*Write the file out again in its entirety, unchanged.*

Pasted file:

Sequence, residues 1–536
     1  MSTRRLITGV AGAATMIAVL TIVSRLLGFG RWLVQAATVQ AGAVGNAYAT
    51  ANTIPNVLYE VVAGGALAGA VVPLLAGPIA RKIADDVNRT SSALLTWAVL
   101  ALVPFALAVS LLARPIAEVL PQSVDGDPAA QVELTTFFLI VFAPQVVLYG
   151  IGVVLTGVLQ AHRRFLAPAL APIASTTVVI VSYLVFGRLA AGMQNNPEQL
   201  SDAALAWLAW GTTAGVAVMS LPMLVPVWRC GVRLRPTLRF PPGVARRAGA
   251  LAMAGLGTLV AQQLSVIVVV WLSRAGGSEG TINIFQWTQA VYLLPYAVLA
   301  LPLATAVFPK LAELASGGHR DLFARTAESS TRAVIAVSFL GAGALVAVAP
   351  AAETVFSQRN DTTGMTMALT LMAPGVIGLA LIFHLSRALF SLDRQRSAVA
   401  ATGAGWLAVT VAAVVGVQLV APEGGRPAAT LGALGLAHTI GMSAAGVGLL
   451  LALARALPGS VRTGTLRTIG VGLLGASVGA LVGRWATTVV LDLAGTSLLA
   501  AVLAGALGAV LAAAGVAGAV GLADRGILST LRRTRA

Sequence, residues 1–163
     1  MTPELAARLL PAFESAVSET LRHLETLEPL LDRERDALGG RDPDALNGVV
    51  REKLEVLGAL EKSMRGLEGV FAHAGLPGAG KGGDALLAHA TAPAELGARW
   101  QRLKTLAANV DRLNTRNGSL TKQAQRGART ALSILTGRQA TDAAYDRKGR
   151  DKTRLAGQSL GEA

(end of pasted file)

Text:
Sequence, residues 1–536
     1  MSTRRLITGV AGAATMIAVL TIVSRLLGFG RWLVQAATVQ AGAVGNAYAT
    51  ANTIPNVLYE VVAGGALAGA VVPLLAGPIA RKIADDVNRT SSALLTWAVL
   101  ALVPFALAVS LLARPIAEVL PQSVDGDPAA QVELTTFFLI VFAPQVVLYG
   151  IGVVLTGVLQ AHRRFLAPAL APIASTTVVI VSYLVFGRLA AGMQNNPEQL
   201  SDAALAWLAW GTTAGVAVMS LPMLVPVWRC GVRLRPTLRF PPGVARRAGA
   251  LAMAGLGTLV AQQLSVIVVV WLSRAGGSEG TINIFQWTQA VYLLPYAVLA
   301  LPLATAVFPK LAELASGGHR DLFARTAESS TRAVIAVSFL GAGALVAVAP
   351  AAETVFSQRN DTTGMTMALT LMAPGVIGLA LIFHLSRALF SLDRQRSAVA
   401  ATGAGWLAVT VAAVVGVQLV APEGGRPAAT LGALGLAHTI GMSAAGVGLL
   451  LALARALPGS VRTGTLRTIG VGLLGASVGA LVGRWATTVV LDLAGTSLLA
   501  AVLAGALGAV LAAAGVAGAV GLADRGILST LRRTRA

Sequence, residues 1–163
     1  MTPELAARLL PAFESAVSET LRHLETLEPL LDRERDALGG RDPDALNGVV
    51  REKLEVLGAL EKSMRGLEGV FAHAGLPGAG KGGDALLAHA TAPAELGARW
   101  QRLKTLAANV DRLNTRNGSL TKQAQRGART ALSILTGRQA TDAAYDRKGR
   151  DKTRLAGQSL GEA